H.P. Takes Big Hit on ‘Accounting Improprieties’ at Autonomy [DealBook]
Hewlett-Packard said on Tuesday that it has taken an $8.8 billion accounting charge, after discovering “serious accounting improprieties” and “outright misrepresentations” at Autonomy, the British software maker that it bought for $11.7 billion last year.
Deloitte's 2011 Autonomy Independent Auditor "All Clear" Sign Off [ZH]
Nigel Mercer is your signer.
Commodity trader Olam punches back after Muddy Waters attack [Reuters]
Olam International Ltd defended itself after short-seller Muddy Waters attacked its accounting practices and bet against the Singapore commodities trader. Olam's shares tumbled as much as 11 percent in heavy volume.
Adoboli Cleared of All False Accounting Counts, Guilty on Fraud [Bloomberg]
The $2.3 billion loss was "the largest from unauthorized trading in British history."
Stanford’s Accountants Guilty of Hiding $7 Billion Fraud [Bloomberg]
A jury of seven men and five women in federal court in Houston deliberated for 16 hours over three days before convicting Stanford’s ex-Chief Accounting Officer Gilbert Lopez, 70, and former Global Controller Mark Kuhrt, 40, of conspiring to hide a fraud scheme built on bogus certificates of deposit at Antigua-based Stanford International Bank Ltd. The men were each found guilty today of 9 of 10 wire fraud counts and one count of conspiracy to commit wire fraud. “They knew the bank was doing one thing and promising investors another, and they helped hide it,” prosecutor Jason Varnado told jurors during closing arguments Nov. 14. “The only explanation for that is a criminal explanation.”
Olivia Kirtley, CPA, CGMA, a member of the AICPA’s governing Council and former chairwoman of the AICPA board of directors, has been named deputy president on the board of the International Federation of Accountants, a global organization dedicated to strengthening the accounting profession. […] “Olivia’s CPA and CGMA credentials demonstrate deep financial and management accounting experience that is crucial for the future of a profession that underpins the global economy,” said Charles Tilley, FCMA, CGMA, chief executive of the Chartered Institute of Management Accountants.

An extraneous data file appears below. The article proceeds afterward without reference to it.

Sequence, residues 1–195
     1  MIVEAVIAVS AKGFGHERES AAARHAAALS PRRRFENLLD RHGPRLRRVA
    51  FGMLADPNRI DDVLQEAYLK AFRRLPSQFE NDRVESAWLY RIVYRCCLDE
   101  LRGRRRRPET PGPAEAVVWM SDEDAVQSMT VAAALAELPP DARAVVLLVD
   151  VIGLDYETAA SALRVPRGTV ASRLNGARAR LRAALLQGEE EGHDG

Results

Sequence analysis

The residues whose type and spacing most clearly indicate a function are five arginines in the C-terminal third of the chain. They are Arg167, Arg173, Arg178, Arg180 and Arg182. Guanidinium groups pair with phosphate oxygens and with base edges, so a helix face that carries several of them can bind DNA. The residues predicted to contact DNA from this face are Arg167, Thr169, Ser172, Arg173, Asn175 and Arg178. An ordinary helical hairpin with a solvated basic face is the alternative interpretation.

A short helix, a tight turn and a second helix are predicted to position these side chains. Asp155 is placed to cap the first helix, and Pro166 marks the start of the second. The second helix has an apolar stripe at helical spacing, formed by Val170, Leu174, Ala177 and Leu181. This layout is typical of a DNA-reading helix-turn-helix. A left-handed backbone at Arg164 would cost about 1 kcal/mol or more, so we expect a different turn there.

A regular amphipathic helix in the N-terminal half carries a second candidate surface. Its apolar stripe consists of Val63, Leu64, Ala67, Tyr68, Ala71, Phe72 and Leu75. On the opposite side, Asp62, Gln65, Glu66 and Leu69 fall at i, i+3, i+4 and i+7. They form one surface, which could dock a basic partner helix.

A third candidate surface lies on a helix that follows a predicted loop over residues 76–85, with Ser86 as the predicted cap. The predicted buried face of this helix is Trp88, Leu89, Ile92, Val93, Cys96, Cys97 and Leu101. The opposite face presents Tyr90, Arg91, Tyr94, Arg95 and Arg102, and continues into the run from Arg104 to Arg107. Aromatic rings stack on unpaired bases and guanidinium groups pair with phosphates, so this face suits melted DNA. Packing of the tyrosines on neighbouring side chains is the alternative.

In China’s own Silicon Valley in Sichuan Province, the Chengdu cloud computing company has decided to reward its employees for falling in love, reports the People’s Daily. […] Chengdu executives told the People’s Daily, that they came up with the idea after seeing the emotional turmoil of his young workers, awarding a financial bonus for workers willing to tuoguang – “strip” – slang for saying goodbye to the single life. Each “stripper” would get a bonus of 1112 Yuan ($180) a number that was chosen to represent 1111+1. The company hopes that if their employees fall in love with their colleagues, they will “have an even more harmonious team” – a notion that leads us to believe that they have not really thought this through. Still, the company doesn't mind it if their employees fall in love with their counterparts in other Chengdu IT firms. On the contrary! The employees finding love outside work will be awarded a bonus of 500-1000 Yuan ($80 to $160). The idea is that the Chengdu cloud company will be able to poach these enamored young engineers.